From the office of Councilman David Greenfield:
Councilman David G. Greenfield is blasting the New York City Department of Education for its failure to pay hundreds of employees for special education tutoring and classroom support services provided since the school year began. Councilman Greenfield is calling on the DOE to immediately resolve outstanding payment claims with all tutors and classroom assistants they contract with to ensure that no special needs students have their education impacted as a result of this dispute, and so that the providers can continue offering these critical services. Over the past few months, Councilman Greenfield has heard from over a dozen local residents who have not been paid by the DOE for services they have provided this school year, and from parents concerned about disruptions to their child’s education. Considering the vital services at stake, Councilman Greenfield is demanding that the DOE immediately pay these special education tutors, known professionally as P3 providers.
“It is shocking and downright unacceptable for the Department of Education to have so many unresolved payment issues with these dedicated special education providers. Unfortunately, it is the children who count on these individualized services that will lose out in this case, while at the same time these devoted providers are being taken advantage of. The DOE must keep in mind what is at stake here and get to the bottom of these serious complaints about lack of payment. We cannot afford to let this unnecessary and avoidable situation disrupt the education of thousands of special needs students,” said Councilman Greenfield.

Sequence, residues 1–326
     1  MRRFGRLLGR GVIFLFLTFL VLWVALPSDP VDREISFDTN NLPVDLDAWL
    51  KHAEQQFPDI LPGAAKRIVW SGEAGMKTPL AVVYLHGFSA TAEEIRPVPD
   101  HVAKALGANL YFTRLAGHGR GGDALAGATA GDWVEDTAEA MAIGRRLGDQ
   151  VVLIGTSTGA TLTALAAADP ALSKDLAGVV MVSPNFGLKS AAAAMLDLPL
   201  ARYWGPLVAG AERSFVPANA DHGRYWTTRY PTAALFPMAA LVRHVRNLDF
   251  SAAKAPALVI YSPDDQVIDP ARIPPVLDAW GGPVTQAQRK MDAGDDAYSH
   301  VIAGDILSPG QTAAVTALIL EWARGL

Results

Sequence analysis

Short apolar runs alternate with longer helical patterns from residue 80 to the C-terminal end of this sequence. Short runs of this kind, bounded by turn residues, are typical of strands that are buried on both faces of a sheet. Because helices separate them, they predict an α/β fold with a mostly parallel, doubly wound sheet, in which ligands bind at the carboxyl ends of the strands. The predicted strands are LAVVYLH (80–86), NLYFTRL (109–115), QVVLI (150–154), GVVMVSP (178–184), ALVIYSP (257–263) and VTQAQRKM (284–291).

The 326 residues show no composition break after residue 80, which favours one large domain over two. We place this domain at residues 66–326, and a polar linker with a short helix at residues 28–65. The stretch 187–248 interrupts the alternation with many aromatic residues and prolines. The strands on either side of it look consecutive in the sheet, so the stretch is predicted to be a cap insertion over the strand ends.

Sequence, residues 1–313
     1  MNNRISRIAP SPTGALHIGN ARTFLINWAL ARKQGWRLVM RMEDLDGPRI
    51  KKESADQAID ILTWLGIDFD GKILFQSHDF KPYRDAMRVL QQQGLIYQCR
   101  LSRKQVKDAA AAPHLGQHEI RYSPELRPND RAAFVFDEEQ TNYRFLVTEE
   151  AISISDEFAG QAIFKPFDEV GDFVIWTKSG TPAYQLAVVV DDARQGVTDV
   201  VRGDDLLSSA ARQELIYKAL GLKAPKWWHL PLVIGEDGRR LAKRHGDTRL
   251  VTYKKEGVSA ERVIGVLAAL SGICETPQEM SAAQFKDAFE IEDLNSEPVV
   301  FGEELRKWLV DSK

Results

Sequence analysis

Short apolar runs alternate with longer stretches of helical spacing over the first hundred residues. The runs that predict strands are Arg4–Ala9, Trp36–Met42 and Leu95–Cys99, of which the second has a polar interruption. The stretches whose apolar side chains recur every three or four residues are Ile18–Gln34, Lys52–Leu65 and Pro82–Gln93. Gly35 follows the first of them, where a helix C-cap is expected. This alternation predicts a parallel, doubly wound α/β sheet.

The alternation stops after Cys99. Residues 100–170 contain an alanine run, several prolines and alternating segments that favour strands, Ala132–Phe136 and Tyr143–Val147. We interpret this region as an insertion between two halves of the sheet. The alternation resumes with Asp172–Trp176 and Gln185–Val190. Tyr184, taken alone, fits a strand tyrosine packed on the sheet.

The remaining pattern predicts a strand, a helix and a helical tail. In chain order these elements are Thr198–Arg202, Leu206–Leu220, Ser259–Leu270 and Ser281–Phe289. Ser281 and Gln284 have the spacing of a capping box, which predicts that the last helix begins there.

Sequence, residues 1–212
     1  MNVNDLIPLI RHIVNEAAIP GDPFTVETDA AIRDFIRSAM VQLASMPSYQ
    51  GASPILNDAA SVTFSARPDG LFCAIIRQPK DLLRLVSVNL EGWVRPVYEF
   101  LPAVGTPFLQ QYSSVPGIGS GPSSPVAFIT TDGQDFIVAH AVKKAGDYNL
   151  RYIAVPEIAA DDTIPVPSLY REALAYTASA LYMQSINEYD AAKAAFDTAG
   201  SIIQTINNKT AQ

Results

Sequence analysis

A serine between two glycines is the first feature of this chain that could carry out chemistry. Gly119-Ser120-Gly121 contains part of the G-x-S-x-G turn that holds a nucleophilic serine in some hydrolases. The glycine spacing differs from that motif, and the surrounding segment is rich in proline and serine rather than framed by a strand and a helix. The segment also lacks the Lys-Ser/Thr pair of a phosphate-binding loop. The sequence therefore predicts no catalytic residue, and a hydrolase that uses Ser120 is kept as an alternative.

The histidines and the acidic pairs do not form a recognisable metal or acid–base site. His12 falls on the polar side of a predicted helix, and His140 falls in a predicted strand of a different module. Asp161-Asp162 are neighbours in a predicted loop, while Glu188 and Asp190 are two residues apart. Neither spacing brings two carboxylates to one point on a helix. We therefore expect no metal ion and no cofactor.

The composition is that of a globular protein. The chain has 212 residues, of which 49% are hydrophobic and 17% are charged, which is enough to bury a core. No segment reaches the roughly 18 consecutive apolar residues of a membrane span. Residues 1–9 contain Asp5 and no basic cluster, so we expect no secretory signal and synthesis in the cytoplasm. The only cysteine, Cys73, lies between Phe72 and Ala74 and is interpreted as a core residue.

The local special education providers who have not been fully paid for services dating back to September include Aviva Levy of Flatbush, who had contracted with the DOE for three years without a problem until this school year. So far, she has received only partial payment in December for services rendered in September, and has not received any payments since. This has forced her to spend thousands of dollars out-of-pocket to cover expenses such as materials and books. To make matters worse, she has not been able to contact anyone with the DOE in recent weeks to resolve this issue.
“In some cases, I have been working the whole year with zero payment. It is costing me money to work right now, even though I did everything I was asked to do. I feel bad for the parents, who are frustrated because they cannot get the services for their child, and we’re also frustrated,” said Aviva Levy.
According to complaints from special education providers who have contacted Councilman Greenfield, the problem arose when the DOE instituted a new billing and payment system used by tutors, without properly notifying providers of the new requirements. In the weeks and months since, many reported not being able to get up-to-date, definitive information from the DOE about the new billing process.
“To have employees not getting paid for weeks or months is embarrassing for the Department of Education, plain and simple. These are individuals who are dedicated to educating students with significant special needs, and should not have to spend their free time fighting for payment they are entitled to. I will continue to push this issue until every provider has been paid and no special needs child is in danger of losing these services,” concluded Councilman Greenfield.